Another phase of the government formation process in Iraq was completed with the election of the president and the appointment of a possible prime minister to for the government. Appointment of Adel Abdulmahdi, candidate for Prime Minister’s office, to form the government, the government formation process which is provided for by the Iraqi constitution and to last for 30 days at most has started. Adel Abdulmahdi's cabinet must obtain the vote of confidence from the parliament before the foreseen deadline. In order to obtain the confidence vote, the Prime Minister nominee asked the political masses to provide some figures who could be considered as impartial names for the ministerial appointments. Therefore, representatives of different political masses such as Reform and Building and Building Block, which may be called rivals, can join the new government. The increase in the number of political masses within the government may lead to the internal opposition within the government, as experienced in previous periods. On the other hand, the increase in the number of political masses can make it easier to obtain the vote of confidence. Therefore, the fact that the government to be established is not as comprehensive as the previous national unity governments can bring about the formation of opposition within the parliament.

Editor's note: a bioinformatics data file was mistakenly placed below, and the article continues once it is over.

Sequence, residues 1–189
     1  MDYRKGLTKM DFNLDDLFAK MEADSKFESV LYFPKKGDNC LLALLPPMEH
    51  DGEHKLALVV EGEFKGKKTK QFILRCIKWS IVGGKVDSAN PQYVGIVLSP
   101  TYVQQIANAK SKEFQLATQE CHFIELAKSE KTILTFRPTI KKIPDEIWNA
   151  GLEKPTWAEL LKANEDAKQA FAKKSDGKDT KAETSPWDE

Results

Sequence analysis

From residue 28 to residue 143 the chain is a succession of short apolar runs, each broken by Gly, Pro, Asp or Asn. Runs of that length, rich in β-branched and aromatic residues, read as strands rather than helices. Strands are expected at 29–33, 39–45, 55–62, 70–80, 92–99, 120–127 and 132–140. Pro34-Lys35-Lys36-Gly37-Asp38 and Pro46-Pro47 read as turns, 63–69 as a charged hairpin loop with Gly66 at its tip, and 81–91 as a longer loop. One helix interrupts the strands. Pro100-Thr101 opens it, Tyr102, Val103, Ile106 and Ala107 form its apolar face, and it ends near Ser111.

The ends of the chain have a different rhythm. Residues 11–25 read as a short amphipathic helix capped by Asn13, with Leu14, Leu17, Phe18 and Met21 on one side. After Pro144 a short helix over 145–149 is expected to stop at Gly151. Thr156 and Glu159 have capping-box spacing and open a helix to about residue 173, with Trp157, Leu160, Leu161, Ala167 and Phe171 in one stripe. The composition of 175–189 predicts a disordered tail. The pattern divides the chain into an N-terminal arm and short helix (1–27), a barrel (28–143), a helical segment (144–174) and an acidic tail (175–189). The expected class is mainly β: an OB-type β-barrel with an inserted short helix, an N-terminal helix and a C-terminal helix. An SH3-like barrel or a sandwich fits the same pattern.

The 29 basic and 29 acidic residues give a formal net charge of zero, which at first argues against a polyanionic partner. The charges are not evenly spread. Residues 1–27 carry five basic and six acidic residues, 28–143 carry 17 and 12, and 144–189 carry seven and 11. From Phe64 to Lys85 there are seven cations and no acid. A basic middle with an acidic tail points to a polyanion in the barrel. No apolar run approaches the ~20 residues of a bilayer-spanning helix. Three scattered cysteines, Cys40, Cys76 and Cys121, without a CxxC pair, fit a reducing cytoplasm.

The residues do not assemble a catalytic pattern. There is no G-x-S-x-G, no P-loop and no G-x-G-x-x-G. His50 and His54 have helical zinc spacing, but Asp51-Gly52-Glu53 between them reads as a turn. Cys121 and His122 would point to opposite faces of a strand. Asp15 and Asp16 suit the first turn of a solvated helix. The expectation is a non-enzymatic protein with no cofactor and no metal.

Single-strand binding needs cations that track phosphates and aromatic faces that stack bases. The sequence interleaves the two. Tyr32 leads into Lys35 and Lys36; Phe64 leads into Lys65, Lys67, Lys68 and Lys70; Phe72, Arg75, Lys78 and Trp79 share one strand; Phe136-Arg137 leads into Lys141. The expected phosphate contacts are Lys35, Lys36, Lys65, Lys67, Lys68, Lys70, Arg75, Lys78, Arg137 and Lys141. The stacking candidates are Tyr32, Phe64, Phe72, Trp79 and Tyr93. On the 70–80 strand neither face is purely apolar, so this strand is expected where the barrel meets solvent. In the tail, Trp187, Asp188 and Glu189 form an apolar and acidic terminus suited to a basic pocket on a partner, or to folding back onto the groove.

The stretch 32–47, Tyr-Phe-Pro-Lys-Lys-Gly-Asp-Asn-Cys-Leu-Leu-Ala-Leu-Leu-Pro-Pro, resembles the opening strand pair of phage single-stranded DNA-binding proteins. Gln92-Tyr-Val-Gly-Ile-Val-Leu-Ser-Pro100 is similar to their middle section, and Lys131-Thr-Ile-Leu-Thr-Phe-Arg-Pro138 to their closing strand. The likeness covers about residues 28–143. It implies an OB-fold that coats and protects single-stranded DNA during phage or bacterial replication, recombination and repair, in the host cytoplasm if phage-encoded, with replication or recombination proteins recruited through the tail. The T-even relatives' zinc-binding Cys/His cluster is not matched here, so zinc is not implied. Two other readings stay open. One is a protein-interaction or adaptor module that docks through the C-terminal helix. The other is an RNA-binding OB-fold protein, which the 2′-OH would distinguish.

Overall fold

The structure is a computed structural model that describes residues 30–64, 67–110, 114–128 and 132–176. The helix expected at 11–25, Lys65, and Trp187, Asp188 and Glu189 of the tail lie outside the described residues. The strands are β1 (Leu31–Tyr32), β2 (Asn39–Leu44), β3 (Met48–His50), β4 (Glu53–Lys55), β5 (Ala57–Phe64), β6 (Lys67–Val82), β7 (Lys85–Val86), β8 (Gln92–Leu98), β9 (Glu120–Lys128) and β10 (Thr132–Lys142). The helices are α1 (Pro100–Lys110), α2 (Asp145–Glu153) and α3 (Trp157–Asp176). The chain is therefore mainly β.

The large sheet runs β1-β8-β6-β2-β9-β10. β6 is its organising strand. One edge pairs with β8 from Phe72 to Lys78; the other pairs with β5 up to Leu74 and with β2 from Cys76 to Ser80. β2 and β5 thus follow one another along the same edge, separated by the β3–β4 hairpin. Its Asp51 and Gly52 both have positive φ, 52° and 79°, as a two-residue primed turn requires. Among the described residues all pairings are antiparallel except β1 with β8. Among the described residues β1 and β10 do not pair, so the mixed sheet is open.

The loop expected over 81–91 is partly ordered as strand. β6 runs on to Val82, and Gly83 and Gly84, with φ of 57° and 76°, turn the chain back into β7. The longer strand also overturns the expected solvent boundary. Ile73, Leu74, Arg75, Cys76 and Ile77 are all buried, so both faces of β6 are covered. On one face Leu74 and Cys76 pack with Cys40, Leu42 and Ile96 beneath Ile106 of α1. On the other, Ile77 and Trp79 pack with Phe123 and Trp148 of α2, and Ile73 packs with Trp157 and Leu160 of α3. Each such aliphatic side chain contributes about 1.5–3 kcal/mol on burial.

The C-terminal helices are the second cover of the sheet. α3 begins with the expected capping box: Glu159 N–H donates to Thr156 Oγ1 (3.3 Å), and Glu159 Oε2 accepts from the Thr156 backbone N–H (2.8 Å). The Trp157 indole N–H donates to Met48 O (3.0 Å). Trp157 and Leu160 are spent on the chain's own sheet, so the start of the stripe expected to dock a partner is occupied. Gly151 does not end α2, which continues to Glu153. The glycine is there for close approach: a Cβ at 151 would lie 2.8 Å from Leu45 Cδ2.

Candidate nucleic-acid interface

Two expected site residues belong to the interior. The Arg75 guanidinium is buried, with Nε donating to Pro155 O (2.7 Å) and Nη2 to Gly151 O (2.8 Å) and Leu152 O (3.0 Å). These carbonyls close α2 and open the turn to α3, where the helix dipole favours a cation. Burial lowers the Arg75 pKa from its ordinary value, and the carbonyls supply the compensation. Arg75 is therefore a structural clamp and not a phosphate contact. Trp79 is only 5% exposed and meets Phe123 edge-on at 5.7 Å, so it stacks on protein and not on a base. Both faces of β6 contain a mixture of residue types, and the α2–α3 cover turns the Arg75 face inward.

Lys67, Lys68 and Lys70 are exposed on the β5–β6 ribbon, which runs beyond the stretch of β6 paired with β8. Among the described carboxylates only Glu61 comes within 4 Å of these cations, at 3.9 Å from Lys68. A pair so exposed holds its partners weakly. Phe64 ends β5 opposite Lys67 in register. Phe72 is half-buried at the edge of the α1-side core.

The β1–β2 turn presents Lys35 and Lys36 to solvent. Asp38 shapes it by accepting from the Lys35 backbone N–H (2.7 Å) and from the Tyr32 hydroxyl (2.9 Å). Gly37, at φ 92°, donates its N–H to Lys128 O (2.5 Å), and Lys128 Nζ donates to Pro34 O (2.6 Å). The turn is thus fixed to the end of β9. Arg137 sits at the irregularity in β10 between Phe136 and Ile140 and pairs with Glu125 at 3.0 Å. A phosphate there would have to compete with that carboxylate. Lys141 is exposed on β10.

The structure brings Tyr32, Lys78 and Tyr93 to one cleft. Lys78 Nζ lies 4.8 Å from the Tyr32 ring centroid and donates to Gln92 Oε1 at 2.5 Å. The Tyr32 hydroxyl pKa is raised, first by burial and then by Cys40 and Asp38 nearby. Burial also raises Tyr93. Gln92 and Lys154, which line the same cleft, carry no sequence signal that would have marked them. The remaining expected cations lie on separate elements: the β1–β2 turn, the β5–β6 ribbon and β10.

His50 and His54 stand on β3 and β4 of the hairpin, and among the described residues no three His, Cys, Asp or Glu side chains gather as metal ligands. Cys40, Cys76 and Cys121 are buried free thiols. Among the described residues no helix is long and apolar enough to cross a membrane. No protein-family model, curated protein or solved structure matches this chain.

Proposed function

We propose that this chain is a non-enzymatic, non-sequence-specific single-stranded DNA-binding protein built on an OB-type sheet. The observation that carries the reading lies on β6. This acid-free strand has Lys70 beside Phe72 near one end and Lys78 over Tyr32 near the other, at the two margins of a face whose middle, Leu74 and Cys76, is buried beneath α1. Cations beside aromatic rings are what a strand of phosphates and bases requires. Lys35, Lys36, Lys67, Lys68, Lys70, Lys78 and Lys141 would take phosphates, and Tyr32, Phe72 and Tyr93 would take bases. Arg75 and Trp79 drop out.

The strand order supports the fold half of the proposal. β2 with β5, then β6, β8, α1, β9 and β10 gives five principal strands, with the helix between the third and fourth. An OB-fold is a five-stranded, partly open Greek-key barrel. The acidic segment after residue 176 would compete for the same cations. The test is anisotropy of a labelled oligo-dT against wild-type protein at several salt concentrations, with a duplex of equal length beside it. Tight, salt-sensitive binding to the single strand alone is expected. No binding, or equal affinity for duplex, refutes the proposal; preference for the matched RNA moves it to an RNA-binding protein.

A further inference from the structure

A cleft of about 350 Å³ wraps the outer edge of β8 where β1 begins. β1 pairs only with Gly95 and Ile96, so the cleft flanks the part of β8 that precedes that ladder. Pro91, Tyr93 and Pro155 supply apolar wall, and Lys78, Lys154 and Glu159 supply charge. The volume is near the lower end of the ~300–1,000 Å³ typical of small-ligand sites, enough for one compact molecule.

However, the fact that Barham Saleh received more than 165 votes in the first round of the presidential elections indicates that an important obstacle has been overcome in the government formation process. For in order to form a government in Iraq, there is a need for the approval of 165 deputies, the absolute majority in the parliament. That Salih reached the required number for the approval of the election and appointed Adel Abdulmahdi in the very same evening to form the government signals that crucial obstacles were overcome in political negotiations in Iraq. The appointment to form the government following the elections of the President and the Speaker of the Parliament is likely to pave the way for the emergence of quicker developments on behalf of the government. As a matter of fact, Adel Abdulmahdi declared that in order to prevent political obstacles, the ministers should be nominated out of the parliament and be independent and technocratic candidates. Although any name for ministries is likely to be related to any political party, the lack of a direct political engagement will be an important advantage. In this sense, it is possible to say that the Iraqi government is expected to not be a coalition government in which we have the political parties but a government consisting of the technocrats nominated by political parties.